This information is for reference purposes only. It was current when produced and may now be outdated. Archive material is no longer maintained, and some links may not work. Persons with disabilities having difficulty accessing this information should contact us at: https://info.ahrq.gov. Let us know the nature of the problem, the Web address of what you want, and your contact information.
Please go to www.ahrq.gov for current information.
AHCPR Heart Attack Study Published in New England
Journal of Medicine
Press Release Date: August 30, 1995
A study in the August 31 New England Journal of Medicine comparing two States' use of
diagnostic procedures and treatments for heart attack finds that
in the State where angiography
(x-ray exam of blood vessels to the heart) is performed more
often, the patients appeared to have
no greater advantage in terms of survival or health-related
quality of life than those patients in the
state with fewer angiographies.
The study, "Variation in the Use of Cardiac Procedures After
Acute Myocardial Infarction,"
looked at Medicare patients aged 65-79 admitted in 1990 to
hospitals in New York, where the
rate of cardiac procedures is low, and in Texas, where the rate
is high. The researchers used data
from Medicare files, hospital records and the patients to compare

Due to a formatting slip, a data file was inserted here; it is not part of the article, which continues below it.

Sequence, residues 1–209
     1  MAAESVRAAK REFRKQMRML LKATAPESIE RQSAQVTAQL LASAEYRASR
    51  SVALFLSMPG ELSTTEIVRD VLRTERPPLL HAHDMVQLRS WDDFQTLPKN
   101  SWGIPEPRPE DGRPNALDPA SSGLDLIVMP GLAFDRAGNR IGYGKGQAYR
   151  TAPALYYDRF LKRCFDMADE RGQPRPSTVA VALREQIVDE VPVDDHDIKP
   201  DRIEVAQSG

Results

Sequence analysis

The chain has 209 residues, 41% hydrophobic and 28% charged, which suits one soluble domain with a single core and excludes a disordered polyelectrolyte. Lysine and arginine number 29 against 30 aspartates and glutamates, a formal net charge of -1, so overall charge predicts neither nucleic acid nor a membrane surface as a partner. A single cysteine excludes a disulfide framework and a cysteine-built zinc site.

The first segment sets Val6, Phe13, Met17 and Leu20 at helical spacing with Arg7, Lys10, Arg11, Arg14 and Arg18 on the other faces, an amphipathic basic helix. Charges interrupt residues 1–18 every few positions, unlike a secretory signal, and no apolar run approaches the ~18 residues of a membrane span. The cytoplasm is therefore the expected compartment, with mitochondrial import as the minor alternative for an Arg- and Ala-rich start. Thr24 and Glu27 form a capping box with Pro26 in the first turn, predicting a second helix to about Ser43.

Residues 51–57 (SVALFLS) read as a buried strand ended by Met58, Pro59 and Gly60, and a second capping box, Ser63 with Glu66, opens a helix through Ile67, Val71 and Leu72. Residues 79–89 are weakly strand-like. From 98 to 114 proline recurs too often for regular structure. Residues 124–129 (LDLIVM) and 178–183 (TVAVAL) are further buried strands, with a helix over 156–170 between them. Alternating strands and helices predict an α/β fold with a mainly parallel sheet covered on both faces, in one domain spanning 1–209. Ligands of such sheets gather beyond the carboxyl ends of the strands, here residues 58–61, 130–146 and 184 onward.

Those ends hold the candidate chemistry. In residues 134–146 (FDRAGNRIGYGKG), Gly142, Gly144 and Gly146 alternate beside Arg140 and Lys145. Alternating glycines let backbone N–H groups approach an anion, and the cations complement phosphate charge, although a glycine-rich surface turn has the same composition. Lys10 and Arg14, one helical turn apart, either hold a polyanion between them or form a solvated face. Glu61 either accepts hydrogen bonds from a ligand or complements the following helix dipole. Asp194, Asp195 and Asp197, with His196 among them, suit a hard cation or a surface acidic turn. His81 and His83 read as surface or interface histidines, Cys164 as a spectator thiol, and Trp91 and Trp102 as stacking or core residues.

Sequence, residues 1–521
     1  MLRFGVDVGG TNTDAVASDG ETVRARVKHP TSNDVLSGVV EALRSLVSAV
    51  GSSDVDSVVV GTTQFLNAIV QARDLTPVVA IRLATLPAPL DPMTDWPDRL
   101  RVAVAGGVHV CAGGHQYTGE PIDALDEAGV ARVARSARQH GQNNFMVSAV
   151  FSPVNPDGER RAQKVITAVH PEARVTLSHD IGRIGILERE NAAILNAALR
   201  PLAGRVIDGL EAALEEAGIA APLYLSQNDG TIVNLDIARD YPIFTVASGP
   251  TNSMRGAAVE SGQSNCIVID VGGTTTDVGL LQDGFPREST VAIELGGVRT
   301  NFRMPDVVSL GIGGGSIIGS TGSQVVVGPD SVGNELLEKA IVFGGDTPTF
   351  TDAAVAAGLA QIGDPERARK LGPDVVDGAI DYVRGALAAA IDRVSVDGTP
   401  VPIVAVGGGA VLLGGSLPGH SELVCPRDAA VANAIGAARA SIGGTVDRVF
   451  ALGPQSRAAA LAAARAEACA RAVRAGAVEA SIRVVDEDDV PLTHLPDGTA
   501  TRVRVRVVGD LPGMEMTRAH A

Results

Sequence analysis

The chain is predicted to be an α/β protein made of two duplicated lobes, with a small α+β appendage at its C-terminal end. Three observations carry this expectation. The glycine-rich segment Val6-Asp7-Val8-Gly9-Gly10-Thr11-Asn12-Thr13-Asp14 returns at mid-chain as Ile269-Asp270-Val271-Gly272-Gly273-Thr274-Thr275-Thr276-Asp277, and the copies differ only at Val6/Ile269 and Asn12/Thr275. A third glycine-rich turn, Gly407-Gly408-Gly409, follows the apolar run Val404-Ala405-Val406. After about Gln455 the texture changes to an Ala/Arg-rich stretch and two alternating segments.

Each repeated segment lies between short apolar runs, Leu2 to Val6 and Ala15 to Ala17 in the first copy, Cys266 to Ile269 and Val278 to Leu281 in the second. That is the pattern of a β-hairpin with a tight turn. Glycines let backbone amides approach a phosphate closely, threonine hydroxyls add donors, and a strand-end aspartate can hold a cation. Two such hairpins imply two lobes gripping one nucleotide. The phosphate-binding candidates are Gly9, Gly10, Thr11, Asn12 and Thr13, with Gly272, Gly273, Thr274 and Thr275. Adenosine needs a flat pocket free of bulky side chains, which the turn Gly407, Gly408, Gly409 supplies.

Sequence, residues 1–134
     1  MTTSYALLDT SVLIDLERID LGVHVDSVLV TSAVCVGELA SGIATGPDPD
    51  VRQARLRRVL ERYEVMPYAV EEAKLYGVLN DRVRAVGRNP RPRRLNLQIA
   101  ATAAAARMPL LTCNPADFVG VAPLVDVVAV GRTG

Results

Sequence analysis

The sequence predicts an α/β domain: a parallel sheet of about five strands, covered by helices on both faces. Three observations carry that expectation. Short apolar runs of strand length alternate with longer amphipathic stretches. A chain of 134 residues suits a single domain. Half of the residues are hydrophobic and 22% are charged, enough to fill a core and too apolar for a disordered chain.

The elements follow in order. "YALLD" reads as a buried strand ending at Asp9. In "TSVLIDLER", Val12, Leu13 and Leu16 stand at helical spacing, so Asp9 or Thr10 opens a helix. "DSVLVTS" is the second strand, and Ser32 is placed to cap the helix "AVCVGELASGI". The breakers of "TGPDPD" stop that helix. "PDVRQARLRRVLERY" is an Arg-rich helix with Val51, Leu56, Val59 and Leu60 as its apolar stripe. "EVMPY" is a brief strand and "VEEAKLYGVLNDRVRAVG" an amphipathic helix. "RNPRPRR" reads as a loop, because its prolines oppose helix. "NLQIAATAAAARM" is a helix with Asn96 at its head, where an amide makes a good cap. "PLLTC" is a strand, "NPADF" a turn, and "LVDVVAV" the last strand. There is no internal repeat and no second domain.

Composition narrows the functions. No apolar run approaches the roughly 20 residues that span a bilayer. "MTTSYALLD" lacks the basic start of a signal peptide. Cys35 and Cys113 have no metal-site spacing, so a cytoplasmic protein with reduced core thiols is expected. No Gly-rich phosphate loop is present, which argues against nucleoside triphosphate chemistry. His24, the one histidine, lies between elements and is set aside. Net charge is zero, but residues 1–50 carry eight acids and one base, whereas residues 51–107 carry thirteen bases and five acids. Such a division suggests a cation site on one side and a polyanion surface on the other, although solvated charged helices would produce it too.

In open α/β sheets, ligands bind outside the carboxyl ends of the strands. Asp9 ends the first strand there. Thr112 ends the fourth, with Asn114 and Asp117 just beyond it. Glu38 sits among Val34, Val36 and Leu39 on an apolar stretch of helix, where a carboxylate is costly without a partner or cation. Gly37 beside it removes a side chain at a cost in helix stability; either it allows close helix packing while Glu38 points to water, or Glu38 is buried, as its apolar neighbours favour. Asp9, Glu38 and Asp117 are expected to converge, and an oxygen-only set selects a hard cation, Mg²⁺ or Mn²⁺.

rates for angiography, cardiac
catheterization and coronary-artery bypass surgery.
The study also found that patients treated in Texas were
significantly more likely than those
treated in New York to undergo catheterization either in the
hospital or within 90 days of
admission. According to the researchers, this may result from
differences in the expectations of
New York and Texas physicians regarding the benefits of
catheterization for patients at lower risk
of another heart attack.
The research was conducted by Edward Guadagnoli, Ph.D., Paul J.
Hauptman, M.D., John Z.
Ayanian, M.D., M.P.P., Chris L. Pashos, PhD, Barbara J. McNeil, M.D.,
Ph.D., and Paul D. Cleary,
Ph.D., at the Health Care Policy Department, Harvard Medical
The study was supported by AHCPR as part of a large-scale,
multidisciplinary Patient Outcomes
Research Team (PORT) project on the consequences of variation in
treatment for acute
myocardial infarction. AHCPR will release the final PORT report
For more information on this or other AHCPR-funded research on
quality of care, contact
AHCPR Public Affairs: Karen Migdail, (301) 427-1855 ;
Salina Prasad, (301) 427-1864. The public affairs contact at Harvard
Medical School is Keren R.
McGinity, (617) 432-0441.